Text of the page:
All this effort paid off. After five years, she had a bagel she was happy with. She introduced it to the neighborhood at large in a series of pop-ups, first at a festival in 2017, and then in her house in Alameda, and at East End pizza. “I had a business consultant say to me, ‘It's great that your friends are telling you how great your bagels are when they're a) your friends and b) eating them for free. How about strangers tell you they’re great and paying you money for them?’ That proof of concept was the point of doing the pop-ups. Right away, I got my answer, which was yes, strangers want to pay money for these.”

She was on the lookout for a space to rent, when Noah of Noah’s Bagels called her up to tell her his original store in Berkeley was closing. “So, the original Noah became the original Boichik. I like to call it a historic bagel location.”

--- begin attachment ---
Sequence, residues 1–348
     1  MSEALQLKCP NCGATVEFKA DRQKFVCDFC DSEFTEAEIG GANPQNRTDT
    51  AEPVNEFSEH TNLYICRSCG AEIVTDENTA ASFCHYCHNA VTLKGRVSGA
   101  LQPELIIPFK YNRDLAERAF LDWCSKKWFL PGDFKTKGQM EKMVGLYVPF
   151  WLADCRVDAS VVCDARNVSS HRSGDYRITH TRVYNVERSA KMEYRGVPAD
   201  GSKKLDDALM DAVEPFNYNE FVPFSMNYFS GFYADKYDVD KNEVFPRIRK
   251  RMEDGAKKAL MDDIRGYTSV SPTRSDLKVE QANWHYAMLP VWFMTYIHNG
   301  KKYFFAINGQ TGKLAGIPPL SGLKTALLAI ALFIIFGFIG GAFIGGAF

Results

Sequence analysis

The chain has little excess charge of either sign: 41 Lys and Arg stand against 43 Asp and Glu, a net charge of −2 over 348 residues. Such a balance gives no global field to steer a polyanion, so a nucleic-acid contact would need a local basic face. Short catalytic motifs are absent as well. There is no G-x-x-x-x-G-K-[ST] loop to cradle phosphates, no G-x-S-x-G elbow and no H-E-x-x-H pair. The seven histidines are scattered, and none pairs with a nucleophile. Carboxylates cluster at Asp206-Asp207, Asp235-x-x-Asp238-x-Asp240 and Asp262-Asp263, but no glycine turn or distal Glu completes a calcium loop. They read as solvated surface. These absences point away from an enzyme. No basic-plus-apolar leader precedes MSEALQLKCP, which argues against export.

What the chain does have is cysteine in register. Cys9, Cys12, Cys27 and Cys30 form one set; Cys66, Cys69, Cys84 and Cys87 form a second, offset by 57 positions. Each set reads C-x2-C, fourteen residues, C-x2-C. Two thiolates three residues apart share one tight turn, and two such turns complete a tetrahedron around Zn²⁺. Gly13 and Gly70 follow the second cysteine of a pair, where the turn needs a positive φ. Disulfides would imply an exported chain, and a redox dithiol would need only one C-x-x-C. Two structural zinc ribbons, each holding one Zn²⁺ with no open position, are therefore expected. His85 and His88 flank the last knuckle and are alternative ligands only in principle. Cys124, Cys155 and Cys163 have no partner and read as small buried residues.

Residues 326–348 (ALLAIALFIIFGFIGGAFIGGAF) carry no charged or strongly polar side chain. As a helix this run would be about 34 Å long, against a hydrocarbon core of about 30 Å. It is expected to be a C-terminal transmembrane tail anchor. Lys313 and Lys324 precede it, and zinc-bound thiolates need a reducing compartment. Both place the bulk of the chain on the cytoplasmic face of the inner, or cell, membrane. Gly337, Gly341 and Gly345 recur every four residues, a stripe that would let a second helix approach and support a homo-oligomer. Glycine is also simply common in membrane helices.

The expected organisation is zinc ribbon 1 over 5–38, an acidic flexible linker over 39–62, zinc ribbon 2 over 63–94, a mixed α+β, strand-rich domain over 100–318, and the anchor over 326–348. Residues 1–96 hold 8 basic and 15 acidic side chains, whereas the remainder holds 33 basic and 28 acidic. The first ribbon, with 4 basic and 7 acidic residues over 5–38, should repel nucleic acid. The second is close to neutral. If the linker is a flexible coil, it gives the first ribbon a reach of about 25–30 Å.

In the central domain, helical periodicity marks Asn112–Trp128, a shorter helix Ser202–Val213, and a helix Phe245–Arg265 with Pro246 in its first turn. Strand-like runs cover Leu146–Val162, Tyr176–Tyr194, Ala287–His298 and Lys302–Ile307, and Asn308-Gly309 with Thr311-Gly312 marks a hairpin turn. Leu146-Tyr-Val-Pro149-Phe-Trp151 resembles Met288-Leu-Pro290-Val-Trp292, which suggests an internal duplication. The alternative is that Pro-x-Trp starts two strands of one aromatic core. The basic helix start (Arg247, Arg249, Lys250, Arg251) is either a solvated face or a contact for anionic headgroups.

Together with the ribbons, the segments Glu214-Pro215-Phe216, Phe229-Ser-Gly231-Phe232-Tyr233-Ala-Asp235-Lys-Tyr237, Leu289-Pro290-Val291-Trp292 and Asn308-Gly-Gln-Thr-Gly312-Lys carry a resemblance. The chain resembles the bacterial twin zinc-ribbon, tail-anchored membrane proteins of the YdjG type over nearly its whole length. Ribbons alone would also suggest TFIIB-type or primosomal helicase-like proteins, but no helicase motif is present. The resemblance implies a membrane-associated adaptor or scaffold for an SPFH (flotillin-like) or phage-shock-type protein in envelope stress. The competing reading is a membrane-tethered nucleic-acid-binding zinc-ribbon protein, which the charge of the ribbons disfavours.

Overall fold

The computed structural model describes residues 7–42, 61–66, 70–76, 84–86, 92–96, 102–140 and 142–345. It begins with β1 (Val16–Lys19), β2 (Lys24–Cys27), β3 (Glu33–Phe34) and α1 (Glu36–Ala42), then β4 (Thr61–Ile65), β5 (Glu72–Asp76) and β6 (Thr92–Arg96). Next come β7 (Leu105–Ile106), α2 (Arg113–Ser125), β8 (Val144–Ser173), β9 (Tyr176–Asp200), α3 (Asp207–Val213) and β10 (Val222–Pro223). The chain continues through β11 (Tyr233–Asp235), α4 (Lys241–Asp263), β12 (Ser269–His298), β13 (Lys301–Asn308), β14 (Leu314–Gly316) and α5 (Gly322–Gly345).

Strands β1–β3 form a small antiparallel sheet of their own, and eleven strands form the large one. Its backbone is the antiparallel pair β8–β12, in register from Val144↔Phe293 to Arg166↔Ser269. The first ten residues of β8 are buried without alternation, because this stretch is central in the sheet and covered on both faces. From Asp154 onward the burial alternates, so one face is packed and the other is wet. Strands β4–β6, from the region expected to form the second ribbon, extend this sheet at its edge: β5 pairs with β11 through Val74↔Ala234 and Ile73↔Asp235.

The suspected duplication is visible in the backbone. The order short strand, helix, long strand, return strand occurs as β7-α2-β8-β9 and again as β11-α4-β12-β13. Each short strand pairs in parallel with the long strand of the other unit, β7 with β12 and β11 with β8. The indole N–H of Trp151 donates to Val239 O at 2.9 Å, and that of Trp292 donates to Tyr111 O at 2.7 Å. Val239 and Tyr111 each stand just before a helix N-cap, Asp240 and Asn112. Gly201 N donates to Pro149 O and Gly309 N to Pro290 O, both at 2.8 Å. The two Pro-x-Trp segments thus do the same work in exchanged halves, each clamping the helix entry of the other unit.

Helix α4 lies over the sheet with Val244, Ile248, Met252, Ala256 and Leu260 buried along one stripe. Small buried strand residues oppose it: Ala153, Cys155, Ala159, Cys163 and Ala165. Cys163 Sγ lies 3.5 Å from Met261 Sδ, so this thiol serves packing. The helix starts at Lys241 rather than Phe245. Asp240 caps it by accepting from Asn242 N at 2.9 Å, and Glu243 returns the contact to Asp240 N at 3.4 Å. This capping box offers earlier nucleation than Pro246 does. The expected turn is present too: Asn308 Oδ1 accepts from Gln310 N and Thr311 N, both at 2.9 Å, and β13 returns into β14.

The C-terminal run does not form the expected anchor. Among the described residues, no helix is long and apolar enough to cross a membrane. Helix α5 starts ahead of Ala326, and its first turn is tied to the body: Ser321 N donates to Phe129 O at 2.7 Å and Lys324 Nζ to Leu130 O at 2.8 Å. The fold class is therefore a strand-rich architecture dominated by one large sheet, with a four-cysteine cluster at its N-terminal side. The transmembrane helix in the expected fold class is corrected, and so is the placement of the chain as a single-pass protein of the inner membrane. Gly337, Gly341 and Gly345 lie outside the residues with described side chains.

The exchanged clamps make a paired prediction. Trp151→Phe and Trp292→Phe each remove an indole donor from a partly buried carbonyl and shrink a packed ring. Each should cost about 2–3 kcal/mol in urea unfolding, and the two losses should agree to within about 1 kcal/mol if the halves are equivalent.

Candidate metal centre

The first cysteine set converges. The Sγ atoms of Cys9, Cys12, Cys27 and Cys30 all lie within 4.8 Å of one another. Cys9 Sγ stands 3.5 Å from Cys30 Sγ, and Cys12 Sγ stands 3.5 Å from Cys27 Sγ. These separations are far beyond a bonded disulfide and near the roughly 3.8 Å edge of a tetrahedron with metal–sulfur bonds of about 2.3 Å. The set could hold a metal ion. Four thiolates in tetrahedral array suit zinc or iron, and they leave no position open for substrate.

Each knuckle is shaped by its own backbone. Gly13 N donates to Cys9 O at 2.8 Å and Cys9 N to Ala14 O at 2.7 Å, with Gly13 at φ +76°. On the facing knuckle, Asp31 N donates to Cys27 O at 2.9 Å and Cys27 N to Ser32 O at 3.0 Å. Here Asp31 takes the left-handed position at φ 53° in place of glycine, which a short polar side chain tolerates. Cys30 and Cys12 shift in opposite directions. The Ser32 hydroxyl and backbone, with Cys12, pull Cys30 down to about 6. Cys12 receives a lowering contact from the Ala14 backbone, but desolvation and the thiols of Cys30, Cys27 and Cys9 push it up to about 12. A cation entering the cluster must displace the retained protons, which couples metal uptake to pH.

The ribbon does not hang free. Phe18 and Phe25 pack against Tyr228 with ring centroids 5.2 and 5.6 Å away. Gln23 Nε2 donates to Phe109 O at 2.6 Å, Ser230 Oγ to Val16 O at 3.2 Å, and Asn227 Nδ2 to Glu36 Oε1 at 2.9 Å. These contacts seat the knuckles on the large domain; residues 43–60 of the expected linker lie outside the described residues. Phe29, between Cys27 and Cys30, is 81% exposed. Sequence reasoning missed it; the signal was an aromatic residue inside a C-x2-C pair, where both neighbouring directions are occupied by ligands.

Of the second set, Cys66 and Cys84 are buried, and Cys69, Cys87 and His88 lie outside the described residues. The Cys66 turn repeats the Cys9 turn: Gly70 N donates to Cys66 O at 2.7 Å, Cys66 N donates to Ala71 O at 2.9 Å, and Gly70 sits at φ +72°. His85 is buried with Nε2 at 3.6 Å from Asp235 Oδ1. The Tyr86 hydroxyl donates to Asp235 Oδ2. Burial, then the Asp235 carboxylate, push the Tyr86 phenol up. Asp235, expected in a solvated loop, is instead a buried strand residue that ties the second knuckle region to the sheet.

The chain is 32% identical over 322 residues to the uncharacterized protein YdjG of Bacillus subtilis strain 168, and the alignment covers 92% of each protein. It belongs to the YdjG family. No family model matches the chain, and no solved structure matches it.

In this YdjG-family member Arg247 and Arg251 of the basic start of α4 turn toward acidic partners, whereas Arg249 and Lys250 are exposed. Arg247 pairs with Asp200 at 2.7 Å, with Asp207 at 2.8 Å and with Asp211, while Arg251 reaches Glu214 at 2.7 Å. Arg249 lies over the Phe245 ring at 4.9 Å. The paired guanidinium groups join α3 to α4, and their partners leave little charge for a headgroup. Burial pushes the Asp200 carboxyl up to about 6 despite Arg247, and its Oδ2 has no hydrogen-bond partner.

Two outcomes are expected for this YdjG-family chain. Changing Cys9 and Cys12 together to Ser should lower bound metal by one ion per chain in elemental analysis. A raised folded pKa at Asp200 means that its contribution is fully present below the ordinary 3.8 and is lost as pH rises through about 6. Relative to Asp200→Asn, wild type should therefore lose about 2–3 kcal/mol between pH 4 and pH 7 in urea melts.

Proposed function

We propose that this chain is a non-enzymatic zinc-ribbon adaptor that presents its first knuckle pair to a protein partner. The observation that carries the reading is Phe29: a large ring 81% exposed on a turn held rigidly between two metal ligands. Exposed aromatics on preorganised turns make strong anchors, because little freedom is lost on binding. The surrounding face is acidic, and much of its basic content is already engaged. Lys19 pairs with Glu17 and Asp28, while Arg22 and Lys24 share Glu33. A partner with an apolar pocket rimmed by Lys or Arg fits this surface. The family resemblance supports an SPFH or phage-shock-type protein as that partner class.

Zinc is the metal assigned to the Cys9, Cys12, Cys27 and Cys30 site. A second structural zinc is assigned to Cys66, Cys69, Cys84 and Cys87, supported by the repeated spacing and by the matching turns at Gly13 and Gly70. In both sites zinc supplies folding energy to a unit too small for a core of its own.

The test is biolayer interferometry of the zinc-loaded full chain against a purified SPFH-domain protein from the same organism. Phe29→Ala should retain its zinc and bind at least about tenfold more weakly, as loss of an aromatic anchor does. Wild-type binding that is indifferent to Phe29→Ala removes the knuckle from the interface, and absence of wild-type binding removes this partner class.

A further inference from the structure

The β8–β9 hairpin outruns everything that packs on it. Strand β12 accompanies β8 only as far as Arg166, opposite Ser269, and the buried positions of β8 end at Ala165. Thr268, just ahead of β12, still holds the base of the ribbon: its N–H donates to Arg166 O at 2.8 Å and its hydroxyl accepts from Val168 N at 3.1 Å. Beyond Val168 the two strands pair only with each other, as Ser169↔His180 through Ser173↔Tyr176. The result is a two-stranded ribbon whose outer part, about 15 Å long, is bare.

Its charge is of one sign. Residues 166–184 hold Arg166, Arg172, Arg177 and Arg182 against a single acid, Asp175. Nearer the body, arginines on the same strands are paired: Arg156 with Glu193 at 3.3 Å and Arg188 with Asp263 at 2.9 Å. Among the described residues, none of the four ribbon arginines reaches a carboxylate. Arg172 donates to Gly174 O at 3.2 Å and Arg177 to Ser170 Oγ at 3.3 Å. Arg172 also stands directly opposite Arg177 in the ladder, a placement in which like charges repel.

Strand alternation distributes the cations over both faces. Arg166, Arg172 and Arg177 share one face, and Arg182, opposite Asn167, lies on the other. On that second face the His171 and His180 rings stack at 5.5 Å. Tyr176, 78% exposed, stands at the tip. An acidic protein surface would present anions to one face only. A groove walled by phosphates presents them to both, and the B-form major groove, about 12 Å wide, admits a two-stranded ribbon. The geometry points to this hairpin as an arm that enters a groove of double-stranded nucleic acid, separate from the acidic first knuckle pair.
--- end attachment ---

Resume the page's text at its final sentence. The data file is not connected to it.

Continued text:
The day Boichik Bagels opened doors in 2019, there was a line down the block. The popularity skyrocketed once a 2021 New York Times article came out. It was titled, provocatively, “The Best Bagels Are in California (Sorry, New York).” 

“That was wild. I had a fantasy that was like, gosh, maybe, maybe one day The New York Times would say that my bagels were okay. So when that came out, it was shocking and wild and it felt like winning the Nobel Prize for bagels.”

What happened next was something she wasn’t prepared for. “There was a two-hour wait. The website blew up, and people around the world were wanting me to mail order bagels around the planet.” Things settled down, but to “a new higher plateau of normal.”